The NHS is short on examples of change which provide the full picture – the start point, the interventions and the results, which is what is required to share learning and fast track improvements in health care. In developing and delivering the new care models, NHS England has set out to systematically make this chain more explicit. As part of this, NHS Arden & GEM Commissioning Support Unit was one of the CSUs commissioned to support vanguards in developing the thinking behind their model of care.
Each vanguard was tasked with developing a value proposition, with a clear requirement to embed the theory of change more explicitly within their proposals through the development of logic models. The intention is to promote a better discipline in understanding the changes we are making and the effect those changes are having, so that we can better understand the wider impact within complex systems and the conditions necessary for replicability.
Working in partnership with an internationally recognised partner and academic institutions, we have established an approach to developing logic models which fits with the complexities of the NHS by enabling multiple stakeholders to set out the problem to be solved, planned interventions, outputs and short, medium and long term outcomes. The model seeks to tease out intended and unintended consequences of change to help project teams gain a complete picture about the impact of their work.
Critically, our approach aims to transfer skills in the development and use of logic models to the vanguards themselves, in order that they can maintain and adjust their models as their projects progress.
The purpose of a logic model
The key elements of a logic model are:
- Rationale/situation – the challenge to address
- Activities – the actions to be taken
- Outputs/deliverables – what will happen/change because of the actions
- Outcomes – what those outputs will achieve
- Impacts – the wider implications of those outcomes
While a logic model systematically takes you through the chain of events, its usefulness is partly in its brevity – it’s a plan on a page. In some cases, there will be a nest of logic models to cover different work streams but essentially, it’s a colour coded visual map of activities which shows cause and effect and how the different elements interrelate.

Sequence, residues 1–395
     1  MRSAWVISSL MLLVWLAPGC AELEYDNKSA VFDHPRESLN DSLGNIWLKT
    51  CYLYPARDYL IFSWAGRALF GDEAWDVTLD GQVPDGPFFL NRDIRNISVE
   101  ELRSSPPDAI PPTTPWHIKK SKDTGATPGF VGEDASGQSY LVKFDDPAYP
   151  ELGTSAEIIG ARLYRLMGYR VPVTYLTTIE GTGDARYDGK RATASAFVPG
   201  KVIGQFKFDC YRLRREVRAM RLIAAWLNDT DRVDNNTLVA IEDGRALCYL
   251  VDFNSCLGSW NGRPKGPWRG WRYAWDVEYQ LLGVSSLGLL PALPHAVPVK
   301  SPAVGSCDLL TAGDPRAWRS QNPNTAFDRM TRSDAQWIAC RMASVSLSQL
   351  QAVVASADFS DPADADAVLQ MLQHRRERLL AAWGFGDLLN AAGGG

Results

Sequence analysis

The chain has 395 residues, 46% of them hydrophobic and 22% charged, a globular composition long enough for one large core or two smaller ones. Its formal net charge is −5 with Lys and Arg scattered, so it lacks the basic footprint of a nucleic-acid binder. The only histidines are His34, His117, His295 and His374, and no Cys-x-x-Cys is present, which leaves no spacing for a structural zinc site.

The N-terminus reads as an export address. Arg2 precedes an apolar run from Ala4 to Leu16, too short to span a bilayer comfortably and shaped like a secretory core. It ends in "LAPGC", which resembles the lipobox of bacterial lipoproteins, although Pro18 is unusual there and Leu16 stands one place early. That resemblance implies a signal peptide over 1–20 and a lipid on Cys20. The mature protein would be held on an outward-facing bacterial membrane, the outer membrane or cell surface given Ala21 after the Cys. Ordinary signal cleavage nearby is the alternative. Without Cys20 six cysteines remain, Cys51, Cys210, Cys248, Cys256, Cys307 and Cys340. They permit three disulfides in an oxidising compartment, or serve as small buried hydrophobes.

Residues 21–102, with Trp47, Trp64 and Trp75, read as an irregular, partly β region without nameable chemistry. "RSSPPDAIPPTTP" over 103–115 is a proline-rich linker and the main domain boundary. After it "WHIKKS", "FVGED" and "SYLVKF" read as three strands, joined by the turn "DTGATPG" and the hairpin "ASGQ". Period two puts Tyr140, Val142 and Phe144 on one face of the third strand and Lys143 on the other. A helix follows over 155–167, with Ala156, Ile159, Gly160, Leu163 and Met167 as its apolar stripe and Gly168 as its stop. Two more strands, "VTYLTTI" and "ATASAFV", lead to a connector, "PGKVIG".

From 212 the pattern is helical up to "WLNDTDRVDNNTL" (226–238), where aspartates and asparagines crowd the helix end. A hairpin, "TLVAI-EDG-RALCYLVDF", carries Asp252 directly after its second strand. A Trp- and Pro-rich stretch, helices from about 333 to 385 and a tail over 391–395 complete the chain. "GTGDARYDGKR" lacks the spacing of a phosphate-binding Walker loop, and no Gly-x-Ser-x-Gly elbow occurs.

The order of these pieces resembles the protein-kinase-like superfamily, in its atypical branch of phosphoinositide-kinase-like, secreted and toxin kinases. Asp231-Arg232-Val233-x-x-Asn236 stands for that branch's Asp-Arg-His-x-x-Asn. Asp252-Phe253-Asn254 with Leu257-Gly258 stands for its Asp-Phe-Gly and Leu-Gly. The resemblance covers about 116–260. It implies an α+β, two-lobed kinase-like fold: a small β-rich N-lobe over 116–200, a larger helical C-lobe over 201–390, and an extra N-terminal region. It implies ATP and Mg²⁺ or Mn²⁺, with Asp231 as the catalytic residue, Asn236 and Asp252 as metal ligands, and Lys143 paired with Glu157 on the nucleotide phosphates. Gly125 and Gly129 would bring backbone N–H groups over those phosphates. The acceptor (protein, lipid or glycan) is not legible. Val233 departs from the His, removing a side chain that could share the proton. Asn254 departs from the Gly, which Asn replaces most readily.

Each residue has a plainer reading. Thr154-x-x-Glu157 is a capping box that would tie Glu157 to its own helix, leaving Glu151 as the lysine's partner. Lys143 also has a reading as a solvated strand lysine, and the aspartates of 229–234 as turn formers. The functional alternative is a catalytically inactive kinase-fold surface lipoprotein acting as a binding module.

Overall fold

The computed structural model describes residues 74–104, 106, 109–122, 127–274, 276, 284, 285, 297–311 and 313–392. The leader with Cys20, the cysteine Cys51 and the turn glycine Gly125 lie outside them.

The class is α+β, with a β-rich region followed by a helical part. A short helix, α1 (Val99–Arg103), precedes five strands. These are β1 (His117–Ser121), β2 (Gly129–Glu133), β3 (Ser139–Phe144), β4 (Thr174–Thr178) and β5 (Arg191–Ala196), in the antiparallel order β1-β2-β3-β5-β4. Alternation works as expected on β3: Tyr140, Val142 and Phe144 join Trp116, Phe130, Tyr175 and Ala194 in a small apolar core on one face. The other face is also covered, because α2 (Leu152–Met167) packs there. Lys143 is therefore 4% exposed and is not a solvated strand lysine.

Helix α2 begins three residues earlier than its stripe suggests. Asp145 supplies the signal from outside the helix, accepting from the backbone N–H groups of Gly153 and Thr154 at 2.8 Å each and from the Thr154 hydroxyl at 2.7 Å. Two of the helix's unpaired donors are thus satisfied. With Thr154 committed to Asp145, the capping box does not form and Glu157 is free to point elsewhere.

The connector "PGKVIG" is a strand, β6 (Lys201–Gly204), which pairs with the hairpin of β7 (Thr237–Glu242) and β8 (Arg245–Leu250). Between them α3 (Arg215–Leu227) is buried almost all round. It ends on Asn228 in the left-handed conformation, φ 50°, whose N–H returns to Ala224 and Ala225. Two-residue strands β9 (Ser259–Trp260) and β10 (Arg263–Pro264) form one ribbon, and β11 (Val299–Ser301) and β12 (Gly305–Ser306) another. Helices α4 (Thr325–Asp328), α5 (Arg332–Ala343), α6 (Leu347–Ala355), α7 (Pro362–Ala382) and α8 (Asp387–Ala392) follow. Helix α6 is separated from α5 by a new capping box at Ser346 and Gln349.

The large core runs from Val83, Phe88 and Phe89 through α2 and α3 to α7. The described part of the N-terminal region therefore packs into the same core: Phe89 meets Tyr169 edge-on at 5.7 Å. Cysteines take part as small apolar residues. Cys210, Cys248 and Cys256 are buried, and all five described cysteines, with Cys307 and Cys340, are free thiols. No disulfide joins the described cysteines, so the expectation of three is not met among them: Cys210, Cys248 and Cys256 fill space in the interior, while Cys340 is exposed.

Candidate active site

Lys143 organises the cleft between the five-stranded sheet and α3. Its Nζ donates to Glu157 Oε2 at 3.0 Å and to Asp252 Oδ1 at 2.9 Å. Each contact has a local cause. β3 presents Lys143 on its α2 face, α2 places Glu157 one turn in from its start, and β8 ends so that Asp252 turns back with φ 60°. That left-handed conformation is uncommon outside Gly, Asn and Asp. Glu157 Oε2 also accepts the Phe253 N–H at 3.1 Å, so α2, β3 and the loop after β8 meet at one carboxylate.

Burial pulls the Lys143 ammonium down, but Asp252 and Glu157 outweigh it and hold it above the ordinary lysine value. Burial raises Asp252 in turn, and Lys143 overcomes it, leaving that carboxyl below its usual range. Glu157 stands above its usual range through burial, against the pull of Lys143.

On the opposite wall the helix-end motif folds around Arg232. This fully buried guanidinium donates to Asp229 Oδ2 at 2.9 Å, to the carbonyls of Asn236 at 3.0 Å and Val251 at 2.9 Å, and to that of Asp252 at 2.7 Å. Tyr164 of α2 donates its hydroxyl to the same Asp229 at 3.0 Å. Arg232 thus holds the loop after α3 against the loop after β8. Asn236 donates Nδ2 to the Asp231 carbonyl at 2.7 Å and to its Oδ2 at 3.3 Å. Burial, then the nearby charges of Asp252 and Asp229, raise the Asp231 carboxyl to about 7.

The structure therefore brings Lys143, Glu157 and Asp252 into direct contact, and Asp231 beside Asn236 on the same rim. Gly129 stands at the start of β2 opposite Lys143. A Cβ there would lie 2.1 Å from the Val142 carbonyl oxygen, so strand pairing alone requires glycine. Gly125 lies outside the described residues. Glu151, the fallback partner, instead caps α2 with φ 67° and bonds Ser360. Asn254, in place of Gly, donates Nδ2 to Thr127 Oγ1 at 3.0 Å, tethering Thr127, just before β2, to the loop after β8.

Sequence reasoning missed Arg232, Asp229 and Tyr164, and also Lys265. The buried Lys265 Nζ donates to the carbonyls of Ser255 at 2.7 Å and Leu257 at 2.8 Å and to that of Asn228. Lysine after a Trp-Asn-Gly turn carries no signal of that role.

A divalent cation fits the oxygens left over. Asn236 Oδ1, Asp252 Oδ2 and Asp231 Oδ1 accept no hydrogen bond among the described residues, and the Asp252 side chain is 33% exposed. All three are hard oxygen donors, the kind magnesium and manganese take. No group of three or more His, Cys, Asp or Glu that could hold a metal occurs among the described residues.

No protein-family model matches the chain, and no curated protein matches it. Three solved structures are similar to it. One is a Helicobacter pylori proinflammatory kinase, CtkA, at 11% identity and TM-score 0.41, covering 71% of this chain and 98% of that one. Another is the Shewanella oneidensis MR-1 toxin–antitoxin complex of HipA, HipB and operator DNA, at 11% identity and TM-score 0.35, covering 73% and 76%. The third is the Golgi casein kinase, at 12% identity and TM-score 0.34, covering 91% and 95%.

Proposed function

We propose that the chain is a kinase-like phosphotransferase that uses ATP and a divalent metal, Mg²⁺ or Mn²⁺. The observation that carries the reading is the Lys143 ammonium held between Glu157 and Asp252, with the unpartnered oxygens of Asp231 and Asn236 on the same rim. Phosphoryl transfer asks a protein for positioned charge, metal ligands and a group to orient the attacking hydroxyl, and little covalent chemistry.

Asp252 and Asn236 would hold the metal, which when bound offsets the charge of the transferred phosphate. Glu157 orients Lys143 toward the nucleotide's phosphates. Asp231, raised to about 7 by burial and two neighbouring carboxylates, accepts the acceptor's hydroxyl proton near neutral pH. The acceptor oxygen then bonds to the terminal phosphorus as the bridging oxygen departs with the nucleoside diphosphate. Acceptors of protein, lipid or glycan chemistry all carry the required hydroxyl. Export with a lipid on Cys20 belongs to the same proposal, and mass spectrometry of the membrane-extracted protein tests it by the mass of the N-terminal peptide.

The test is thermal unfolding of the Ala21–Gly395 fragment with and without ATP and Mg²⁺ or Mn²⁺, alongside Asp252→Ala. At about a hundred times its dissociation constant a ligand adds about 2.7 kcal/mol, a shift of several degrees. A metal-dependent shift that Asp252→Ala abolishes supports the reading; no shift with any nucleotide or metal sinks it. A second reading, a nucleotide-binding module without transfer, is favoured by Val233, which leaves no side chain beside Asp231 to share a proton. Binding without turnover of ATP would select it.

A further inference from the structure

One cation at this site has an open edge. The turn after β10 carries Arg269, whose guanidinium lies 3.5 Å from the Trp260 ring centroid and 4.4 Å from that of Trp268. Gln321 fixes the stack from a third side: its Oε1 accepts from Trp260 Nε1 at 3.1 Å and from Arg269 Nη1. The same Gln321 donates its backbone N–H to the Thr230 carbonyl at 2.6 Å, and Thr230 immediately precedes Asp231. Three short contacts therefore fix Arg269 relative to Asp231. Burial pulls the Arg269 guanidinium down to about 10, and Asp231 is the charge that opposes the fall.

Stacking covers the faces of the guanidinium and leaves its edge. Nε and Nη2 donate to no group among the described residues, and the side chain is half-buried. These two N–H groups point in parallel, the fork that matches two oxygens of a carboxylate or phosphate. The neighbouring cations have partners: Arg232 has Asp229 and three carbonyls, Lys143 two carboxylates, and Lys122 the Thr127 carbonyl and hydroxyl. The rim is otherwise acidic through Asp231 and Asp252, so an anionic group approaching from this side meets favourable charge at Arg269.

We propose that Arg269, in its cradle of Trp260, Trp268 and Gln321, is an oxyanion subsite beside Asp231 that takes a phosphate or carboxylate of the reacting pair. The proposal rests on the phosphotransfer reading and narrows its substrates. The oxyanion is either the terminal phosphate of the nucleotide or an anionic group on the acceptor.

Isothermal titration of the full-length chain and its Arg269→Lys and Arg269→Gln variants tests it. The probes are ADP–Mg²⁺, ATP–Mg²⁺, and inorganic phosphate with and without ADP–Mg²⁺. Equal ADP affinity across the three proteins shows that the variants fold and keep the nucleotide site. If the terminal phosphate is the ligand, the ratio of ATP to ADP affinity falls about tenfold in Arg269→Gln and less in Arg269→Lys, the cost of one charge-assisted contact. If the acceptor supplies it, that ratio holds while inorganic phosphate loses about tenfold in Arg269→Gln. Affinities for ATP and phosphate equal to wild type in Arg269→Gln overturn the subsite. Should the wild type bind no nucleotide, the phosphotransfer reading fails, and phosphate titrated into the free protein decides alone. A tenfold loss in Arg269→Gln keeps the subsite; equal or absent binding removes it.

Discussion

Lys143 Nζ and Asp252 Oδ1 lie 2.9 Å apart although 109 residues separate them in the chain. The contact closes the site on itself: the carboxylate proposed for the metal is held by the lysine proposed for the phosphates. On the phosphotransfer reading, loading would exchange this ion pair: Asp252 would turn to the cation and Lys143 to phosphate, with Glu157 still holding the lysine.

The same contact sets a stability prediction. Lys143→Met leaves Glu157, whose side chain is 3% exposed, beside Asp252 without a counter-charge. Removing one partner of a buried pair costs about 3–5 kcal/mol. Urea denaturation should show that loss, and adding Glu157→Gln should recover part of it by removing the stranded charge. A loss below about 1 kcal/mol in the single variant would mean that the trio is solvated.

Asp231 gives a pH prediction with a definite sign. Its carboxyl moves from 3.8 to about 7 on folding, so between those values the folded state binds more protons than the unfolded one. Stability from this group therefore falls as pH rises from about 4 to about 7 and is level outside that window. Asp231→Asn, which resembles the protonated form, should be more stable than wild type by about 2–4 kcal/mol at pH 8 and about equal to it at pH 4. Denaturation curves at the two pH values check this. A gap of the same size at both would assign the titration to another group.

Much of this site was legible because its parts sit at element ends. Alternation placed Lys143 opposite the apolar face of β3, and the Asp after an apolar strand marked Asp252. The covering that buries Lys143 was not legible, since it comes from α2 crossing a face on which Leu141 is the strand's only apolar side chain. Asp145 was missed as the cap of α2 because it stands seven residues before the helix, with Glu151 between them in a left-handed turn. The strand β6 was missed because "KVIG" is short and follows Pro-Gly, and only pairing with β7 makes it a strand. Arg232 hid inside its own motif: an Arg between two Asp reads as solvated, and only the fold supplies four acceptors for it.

How are we adding value?
Changing a process in a complex system like the NHS brings many challenges and there are plenty of variable. Accurately attributing the impact of a specific activity on outputs and outcomes is very difficult and yet development money must be spent wisely.
When it comes to new models of care, we need a rapid cycle of improvement which allows people to implement change while learning and tweaking their programme as they go. A logic model provides the clear line of sight required to plot exactly what is being done and why, not only to monitor progress but to help identify what needs to change if the outputs or outcomes are not as expected. Building in metrics needs to be a realistic combination of long term and short term indicators to aid the change process.
Does a logic model guarantee success?
Logic models are a useful tool but they are not a silver bullet. We must recognise there will always be softer issues that are harder to measure but which may affect outcomes.
A bit like the chef who tastes and adjusts his recipe as he cooks, implementing innovation should incorporate formative evaluation, testing and learning as you’re going along.
Arden & GEM provides comprehensive planning, evaluation and PMO services to support vanguards and Clinical Commissioning Groups in developing new services. For more details read our case studies.